I’ve been quite delinquent in posting here due to procrastination over a book review which guilts me out of more active participation in the blogosphere. But this comment from Greg seemed to merit being made into a post of its own:
There were a number of people in (and some outside of) the Bush Administration that supported the invasion of Iraq and were in a position to influence that decision. Different people had different reasons. What were those reasons? Mostly I don’t know, although for some people I have a pretty good idea. No one should make the mistake of assuming that these people must have had some sort of rational-strategic reason – if nothing else, because people aren’t all that rational, and second because you can’t construct even a a reasonable facsimile of such a reason when you’re profoundly ignorant of the relevant facts, as essentially all of the key players were and are. Or when the idea makes no sense.
I don’t think they were the most important, but wannabe Israeli nationalists like Richard Perle and Douglas Feith apparently thought that invading Iraq was a good opportunity to reshape the Middle East in ways that furthered the interests of Israel. Again, I don’t think that you can construct a rational-strategic reasons for this – certainly not one based on US interests. It is not as if Baathist Iraq had ever played a significant role in the Arab-Israeli wars, or in the struggle with the Palestinians. Feith and Perle (and the Wurmsers) seem to have thought that it would be possible to install the Hashemites in Iraq and get Iraqi Shi’ites to be supporters of Israel (judging from discussions in ‘A Clean Break’) and of course that’s just crazy. On a cruder level, getting American armed forces on the ground fighting Arabs must have seemed like a good idea, even if there was no immediate payoff to Israeli strategic interests.
Paul Wolfowitz seems to have had fundamentally different ideas: he seems to have thought that Iraq was mostly Shi’ite [true] and essentially secular [what?!?] , and that it could be transformed into something like Turkey. Kemalist Turkey, natch. The main source for these strange notions seems to have been his girlfriend, Shah Ali Riza. Who better to feel the pulse on the Iraqi street than a Saudi feminist?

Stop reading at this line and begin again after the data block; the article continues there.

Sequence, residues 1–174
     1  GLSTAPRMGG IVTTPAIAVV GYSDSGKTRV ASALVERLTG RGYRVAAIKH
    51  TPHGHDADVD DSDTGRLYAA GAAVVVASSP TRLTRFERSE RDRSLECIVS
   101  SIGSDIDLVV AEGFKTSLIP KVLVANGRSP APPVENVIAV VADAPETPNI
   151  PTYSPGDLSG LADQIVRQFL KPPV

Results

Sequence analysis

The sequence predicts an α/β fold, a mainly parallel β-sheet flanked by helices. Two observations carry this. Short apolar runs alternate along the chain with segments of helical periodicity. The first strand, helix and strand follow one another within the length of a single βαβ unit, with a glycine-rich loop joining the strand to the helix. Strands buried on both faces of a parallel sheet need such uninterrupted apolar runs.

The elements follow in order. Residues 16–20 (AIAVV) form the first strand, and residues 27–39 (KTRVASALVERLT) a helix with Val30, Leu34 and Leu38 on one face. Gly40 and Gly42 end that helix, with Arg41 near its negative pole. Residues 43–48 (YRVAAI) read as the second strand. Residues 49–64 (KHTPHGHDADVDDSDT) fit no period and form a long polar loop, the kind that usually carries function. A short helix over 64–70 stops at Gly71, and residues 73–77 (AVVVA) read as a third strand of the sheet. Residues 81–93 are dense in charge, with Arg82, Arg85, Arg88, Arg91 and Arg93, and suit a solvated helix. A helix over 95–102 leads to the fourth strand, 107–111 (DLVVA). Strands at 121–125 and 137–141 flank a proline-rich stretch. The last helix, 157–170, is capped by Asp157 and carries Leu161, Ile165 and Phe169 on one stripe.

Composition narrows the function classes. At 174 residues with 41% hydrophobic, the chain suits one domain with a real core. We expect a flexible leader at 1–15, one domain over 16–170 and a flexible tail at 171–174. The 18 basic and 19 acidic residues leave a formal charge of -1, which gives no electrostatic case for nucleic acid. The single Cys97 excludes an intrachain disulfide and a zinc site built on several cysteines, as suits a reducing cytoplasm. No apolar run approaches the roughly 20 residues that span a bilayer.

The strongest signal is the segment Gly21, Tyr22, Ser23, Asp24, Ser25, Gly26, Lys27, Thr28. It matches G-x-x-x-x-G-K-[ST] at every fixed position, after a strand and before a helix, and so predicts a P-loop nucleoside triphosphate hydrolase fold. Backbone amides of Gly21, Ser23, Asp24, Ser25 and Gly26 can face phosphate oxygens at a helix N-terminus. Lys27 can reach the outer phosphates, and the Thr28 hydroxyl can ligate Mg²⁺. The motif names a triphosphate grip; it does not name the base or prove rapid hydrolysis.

Cheney was much more important, but I don’t know what his reasons were. I’ve heard it said that 9-11 shook him to his core, that he was genuinely afraid and thought that all measures should be used. Including using nuclear weapons – naturally on countries that had nothing to do with 9-11 [anyone other than Saudi Arabia or Pakistan]. And that’s more than a guess: apparently it took the threat of mass military resignations to block that. And some have said that he was thinking about Iraqi oil – Iraq is potentially as large a producer as Saudi Arabia. Of course it seems unlikely that American oil companies could ever garner profits as large as the amount the US Government spent on Iraq, but then a lot of people in the Administration thought that the Iraq War was going to be easy. They thought there would a cooperative general running the place, and that we would be down to 30,000 troops by September 2003. Of course Bremer eliminated that possibility by dissolving the Iraqi Army, even though the President and the NSC had decided against doing so. Nobody seems to know who gave that order: personally, I think it’s that telepathic Sirian lizard that really runs the show. The one with the twisted sense of humor.